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3 Reasons for the Market Sell-Off

February 2018
By Nanette Abuhoff Jacobson

The market is recalibrating to a new environment.

 


 

The context of the recent sharp sell-off is important to consider. There have been big changes in recent weeks. We’ve had a 0.75% percentage point increase in US government bond yields, the potential of rising inflation, and an equity market that had the longest monthly winning streak (10 months) since the 11 months ending January 1959.1

A correction should not be surprising.

 

3 elements fueling this sell-off

I think there are three elements to this sell-off: fundamentals, central bank policy, and technicals.

Fundamentals—Markets were fine with the notion of nominal growth rising, so long as that was mostly real growth.2 Now, with average hourly earnings rising a surprise 2.9%, commodity prices rising, and labor shortages in the US, Europe, Japan, and China, inflation has returned as a concern.

Central bank policy—If inflation is increasing from 1-2% to 2-3% in the US, it could mean a faster pace of Federal Reserve tightening. A few weeks ago, the market wasn’t even priced for two interest rate hikes in 2018, and now there’s the possibility of four. 

Technicals—In a recent Wellington Management morning meeting, we discussed the types of funds that could be getting hurt, precipitating forced sales and exacerbating the moves in equities, yields, and volatility.

Here are a few:

  • Short-volatility funds were all the rage last year, and they made a lot of money. But these levered funds could suffer massive drawdowns with a rise in volatility. 
  • Target-volatility funds often have to sell equities when volatility exceeds 10%. With higher volatility, funds need to sell even more. 
  • Risk-parity funds have levered long-bond exposure. The fall in bond prices is amplified and, worse still, equities are down, too. Given the “gappy” moves in the market, I think we have to attribute a large technical element to recent moves.

 

Recalibrating is healthy

These factors do not, however, change my view of the solid global fundamentals in place that should ultimately support risk markets. The market is recalibrating to a new environment with higher nominal yields and higher inflation. That’s a big deal, and it could take some time to level out. We will also have to monitor technicals to evaluate whether losses could become more systemic. I remain confident that this is a healthy correction and not something more pernicious.

MFGS_020718_1

Data Source: Morningstar. S&P 500 Index is a market capitalization-weighted price index composed of 500 widely held common stocks. Past performance is not aguarantee of future results. Investors can't directly invest in an index.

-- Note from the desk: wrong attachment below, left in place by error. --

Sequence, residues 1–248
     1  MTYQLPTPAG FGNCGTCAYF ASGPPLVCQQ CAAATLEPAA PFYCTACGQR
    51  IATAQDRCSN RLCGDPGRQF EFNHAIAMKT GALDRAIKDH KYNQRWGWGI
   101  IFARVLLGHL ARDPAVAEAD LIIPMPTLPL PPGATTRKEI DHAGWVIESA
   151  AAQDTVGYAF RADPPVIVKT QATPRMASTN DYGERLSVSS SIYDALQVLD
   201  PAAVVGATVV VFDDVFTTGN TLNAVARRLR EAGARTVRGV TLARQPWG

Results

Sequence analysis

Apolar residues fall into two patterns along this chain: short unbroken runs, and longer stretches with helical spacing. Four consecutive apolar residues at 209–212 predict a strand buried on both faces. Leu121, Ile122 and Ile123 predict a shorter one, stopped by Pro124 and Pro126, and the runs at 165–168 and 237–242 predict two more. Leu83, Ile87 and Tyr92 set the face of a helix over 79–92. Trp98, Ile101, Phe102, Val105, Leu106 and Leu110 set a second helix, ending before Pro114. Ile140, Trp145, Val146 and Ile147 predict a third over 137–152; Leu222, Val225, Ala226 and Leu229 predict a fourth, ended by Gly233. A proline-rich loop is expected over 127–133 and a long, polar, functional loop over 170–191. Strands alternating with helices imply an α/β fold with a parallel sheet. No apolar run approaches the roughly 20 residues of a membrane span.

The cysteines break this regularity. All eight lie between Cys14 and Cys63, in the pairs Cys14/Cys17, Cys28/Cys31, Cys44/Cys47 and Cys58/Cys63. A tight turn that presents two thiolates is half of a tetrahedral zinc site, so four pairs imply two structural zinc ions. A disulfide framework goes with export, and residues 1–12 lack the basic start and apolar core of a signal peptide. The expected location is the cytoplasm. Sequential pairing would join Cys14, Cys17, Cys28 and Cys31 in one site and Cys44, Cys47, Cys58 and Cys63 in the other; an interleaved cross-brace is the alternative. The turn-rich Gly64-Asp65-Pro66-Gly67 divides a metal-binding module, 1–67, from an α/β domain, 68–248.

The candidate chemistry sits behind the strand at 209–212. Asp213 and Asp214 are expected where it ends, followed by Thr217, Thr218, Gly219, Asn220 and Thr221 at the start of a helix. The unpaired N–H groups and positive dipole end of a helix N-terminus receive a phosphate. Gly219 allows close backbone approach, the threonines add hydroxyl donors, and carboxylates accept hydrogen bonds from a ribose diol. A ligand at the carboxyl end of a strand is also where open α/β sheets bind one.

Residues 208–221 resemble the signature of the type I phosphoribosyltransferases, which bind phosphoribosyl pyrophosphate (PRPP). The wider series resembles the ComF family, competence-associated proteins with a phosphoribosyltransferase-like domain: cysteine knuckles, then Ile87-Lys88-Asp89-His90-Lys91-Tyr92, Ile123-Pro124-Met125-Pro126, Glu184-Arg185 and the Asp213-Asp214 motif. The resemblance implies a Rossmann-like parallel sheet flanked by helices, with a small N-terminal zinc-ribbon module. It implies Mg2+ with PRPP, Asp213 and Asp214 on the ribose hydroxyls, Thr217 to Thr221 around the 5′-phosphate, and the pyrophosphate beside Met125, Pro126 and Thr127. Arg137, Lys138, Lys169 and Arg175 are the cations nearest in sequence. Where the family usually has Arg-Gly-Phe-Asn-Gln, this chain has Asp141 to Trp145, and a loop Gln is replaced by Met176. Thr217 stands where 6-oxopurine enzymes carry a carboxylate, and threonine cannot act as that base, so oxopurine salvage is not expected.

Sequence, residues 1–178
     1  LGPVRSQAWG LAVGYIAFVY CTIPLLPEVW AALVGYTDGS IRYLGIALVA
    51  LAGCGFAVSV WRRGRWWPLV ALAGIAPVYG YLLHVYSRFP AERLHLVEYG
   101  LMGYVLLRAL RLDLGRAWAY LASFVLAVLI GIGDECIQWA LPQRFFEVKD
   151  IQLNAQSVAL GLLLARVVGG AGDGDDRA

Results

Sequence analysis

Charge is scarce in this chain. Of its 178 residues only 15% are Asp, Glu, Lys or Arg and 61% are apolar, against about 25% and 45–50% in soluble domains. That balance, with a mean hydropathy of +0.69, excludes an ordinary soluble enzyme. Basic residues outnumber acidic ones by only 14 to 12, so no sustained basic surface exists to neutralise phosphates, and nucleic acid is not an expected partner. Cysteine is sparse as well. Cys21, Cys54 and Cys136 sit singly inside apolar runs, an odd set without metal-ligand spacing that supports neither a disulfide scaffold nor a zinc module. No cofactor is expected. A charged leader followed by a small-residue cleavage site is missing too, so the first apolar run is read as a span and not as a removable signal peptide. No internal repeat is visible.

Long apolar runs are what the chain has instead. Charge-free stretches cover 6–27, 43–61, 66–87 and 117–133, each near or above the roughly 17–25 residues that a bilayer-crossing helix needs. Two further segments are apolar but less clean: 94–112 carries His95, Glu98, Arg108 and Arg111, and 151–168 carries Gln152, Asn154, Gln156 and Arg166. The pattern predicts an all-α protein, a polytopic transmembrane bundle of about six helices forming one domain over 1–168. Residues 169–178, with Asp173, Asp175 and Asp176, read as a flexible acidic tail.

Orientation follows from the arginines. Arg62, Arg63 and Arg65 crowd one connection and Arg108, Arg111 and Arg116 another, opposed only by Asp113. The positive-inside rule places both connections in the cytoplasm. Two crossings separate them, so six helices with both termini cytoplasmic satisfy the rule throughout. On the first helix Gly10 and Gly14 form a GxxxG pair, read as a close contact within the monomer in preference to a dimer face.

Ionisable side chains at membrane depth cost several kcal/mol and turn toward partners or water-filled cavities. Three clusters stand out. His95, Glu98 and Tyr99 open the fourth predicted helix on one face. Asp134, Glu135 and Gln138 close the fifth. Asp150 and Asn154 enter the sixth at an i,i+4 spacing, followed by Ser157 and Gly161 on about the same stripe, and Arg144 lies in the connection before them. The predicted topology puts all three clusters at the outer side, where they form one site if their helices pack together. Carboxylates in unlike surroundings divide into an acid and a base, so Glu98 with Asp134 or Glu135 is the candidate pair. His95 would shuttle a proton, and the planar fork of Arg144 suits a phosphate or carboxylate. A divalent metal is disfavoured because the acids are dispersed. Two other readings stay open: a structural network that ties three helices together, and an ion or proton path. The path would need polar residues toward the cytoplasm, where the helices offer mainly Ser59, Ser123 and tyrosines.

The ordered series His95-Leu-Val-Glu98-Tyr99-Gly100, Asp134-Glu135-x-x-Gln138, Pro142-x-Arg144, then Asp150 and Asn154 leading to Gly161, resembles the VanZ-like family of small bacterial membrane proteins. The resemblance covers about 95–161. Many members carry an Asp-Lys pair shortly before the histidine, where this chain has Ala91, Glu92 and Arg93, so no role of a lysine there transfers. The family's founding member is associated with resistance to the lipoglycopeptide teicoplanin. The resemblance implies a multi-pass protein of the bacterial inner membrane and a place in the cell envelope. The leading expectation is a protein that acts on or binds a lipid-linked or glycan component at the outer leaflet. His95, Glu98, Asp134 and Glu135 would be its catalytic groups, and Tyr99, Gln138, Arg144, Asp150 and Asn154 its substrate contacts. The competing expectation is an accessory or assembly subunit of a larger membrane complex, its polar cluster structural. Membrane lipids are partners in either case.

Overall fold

MFGS_020718_2

Data Source: Yahoo Finance. “VIX,” commonly referred to as the “Fear Index,” is the ticker symbol for the Chicago Board Options Exchange (Cboe) Volatility Index and measures the market’s expectation of 30-day volatility. Past performance is not a guarantee of future results. Investors can't directly invest in an index. 

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Data Source: St. Louis Federal Reserve and Factset. Past performance is not a guarantee of future results. 

Managing Director and Multi-Asset Strategist at Wellington Management Company LLP and Global Investment Strategist for Hartford Funds.

1 “Risk Roars Back,” Barron’s, 2/3/18

2 Real values are adjusted for inflation. Nominal values are not. 

All investments are subject to risk, including the possible loss of principal. Indices are unmanaged and not available for direct investment. Fixed income risks include credit, liquidity, call, duration, and interest-rate risk. As interest rates rise, bond prices generally fall; these risks are currently heightened because interest rates are at, or near, historical lows. 

The views expressed here are those of Nanette Abuhoff Jacobson. They should not be construed as investment advice. They are based on available information and are subject to change without notice. Portfolio positioning is at the discretion of the individual portfolio management teams; individual portfolio management teams and different fund sub-advisers may hold different views and may make different investment decisions for different clients or portfolios. This material and/or its contents are current as of the time of writing and may not be reproduced or distributed in whole or in part, for any purpose, without the express written consent of Wellington Management or Hartford Funds.

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